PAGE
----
“These last few years have been very hard for him. He lost his father to a Saxon sword and his mother to the flu.  He no more got over that when his sister died in that terrible accident on the farm. His whole family is gone.  He has no wife to comfort him, and he is convinced that you and the other members of the Round Table hate him and want nothing to do with him.  He is such a lost and poor lonely soul.  When his former master Badgemagus passed away, he lost all reason.  He knew right away that what he did was wrong, but he felt stuck.  He did not know what he could do to make it okay again.”

Arthur turned to Mesalwig who cried softly and tried so hard to hold back the tears.  “And if I forgive you as Gwynyvar wants, what will you do with yourself?”

Mesalwig slowly looked up.  “I think I will try some of that penance that Percival and Tristam talk about.  I was thinking of helping women in distress, or imprisoned against their will.  I only hope I can forgive and show mercy as I have been shown.”

“Defending the weak and helpless is one of the ideals of the Round Table,” Arthur said and Gwynyvar hit him in the arm, though not too hard.  “Of course, there are plenty of women who are not exactly helpless.”

“Indeed,” Mesalwig almost smiled.  Apparently in those months, he learned that lesson.

“Damsels in distress,” Gerraint called it, and he ducked and walked off whistling.

Gerraint took ever faithful Uwaine of few words out into the wilds.  Most squires moved in with their Lords, almost like being in boarding school. They got to visit their own home and parents once or twice a year, but mostly they lived away from home and learned about life from their teacher, one on one.  Gerraint, of course, had no home as far as he was concerned.  He visited Cordella twice and his mother once during those years, but his base of operations was Caerleon.  He felt he had nowhere else to go.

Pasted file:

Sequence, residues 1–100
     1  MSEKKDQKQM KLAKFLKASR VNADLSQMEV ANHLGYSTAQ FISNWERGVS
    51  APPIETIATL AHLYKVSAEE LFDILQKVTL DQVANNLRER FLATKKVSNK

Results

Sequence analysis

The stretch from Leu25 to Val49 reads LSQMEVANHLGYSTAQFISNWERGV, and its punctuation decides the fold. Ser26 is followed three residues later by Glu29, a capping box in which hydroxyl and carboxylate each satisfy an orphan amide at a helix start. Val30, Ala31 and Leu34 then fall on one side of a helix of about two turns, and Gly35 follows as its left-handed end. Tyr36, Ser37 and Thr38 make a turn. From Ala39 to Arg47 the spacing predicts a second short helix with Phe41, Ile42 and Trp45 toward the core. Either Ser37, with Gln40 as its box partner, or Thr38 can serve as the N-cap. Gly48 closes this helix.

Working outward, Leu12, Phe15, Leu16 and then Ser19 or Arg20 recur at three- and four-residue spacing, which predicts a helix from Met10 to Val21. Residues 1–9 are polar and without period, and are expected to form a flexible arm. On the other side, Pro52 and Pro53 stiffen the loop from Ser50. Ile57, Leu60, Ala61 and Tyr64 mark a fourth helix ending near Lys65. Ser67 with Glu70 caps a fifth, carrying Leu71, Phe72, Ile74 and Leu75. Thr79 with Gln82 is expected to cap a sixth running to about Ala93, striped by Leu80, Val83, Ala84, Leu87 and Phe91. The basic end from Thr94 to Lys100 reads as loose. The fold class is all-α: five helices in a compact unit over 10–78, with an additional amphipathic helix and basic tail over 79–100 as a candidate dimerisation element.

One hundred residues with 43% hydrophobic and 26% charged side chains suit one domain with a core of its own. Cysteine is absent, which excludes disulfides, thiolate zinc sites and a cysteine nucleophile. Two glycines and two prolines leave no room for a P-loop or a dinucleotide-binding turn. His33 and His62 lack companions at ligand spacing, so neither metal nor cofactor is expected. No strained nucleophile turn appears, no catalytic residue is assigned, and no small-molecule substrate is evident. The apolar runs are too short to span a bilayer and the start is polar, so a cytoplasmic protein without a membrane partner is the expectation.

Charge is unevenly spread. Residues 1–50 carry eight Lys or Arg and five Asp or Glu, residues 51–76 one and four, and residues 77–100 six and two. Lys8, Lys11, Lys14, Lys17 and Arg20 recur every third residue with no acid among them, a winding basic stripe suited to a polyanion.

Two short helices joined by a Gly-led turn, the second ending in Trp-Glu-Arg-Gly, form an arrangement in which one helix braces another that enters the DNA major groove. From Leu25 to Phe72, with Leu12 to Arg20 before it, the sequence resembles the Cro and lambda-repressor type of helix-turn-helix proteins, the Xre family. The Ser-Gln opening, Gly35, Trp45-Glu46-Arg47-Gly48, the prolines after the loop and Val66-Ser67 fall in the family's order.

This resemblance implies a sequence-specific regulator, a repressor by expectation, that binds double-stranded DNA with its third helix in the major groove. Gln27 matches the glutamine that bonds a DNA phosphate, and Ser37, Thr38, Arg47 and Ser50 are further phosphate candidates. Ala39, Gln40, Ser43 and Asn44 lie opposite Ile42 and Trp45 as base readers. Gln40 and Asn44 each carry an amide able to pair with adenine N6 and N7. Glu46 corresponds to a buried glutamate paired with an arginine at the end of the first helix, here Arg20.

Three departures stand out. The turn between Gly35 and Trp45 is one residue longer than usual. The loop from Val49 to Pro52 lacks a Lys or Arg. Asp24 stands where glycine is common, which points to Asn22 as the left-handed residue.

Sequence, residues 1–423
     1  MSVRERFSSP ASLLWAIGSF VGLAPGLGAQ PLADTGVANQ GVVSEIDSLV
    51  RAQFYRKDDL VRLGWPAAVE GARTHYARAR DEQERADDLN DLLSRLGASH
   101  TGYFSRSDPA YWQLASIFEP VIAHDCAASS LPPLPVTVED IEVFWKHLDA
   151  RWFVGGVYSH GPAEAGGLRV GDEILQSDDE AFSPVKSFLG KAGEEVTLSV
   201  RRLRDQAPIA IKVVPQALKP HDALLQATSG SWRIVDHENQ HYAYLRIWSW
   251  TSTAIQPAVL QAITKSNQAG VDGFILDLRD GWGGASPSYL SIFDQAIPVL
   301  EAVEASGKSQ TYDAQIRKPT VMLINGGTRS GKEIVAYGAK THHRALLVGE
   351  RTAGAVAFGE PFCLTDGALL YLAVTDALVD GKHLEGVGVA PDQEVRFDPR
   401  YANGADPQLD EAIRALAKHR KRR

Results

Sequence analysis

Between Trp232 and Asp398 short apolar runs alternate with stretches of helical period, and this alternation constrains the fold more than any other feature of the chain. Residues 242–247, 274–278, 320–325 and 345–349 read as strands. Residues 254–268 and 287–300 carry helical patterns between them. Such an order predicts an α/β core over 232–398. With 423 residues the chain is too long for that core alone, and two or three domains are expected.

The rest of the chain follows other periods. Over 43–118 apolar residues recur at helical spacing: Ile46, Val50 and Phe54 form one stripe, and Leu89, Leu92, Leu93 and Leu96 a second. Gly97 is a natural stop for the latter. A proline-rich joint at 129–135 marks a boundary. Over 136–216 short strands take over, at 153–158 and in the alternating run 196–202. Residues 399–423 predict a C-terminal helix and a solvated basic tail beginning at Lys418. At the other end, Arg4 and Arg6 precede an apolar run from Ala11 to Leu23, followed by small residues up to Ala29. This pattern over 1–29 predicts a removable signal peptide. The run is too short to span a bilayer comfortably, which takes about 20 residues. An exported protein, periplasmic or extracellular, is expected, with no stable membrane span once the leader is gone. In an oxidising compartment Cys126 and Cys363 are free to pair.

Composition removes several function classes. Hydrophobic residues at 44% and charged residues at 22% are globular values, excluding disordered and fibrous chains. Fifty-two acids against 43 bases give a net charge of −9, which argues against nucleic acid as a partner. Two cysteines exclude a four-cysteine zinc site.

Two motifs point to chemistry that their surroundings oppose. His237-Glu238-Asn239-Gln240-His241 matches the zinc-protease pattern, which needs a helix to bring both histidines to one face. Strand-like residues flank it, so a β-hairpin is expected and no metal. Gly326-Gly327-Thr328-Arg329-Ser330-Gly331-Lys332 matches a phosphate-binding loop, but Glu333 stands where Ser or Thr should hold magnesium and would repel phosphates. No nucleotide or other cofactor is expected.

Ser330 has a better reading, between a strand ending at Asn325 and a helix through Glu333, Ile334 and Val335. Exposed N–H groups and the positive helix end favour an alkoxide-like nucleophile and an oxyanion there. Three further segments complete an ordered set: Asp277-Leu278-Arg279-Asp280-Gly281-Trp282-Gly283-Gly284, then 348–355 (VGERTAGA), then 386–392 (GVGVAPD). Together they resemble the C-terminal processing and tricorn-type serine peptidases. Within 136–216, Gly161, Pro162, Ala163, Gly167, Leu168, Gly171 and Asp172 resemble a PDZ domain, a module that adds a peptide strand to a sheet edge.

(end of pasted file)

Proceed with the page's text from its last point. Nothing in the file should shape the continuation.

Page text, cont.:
Even so, he saw little of Arthur when he took rooms in the village, which was becoming quite the little town, but then, he spent most of the time in the wilderness, dragging poor Uwaine all over the country.  He ran into Tristam and Percival now and then.  They reached the age to be knighted and soon found squires of their own. Gerraint and Uwaine also traveled with Bedwyr and young Gawain now and then.  Gawain and Uwaine became close friends in the process, and Gerraint realized that the “youngsters” were both roughly the age Arthur was when he pulled Caliburn from the stone.  They visited plenty of Lords and towns and slept in plenty of beds, but as often as not they stayed out in the wild.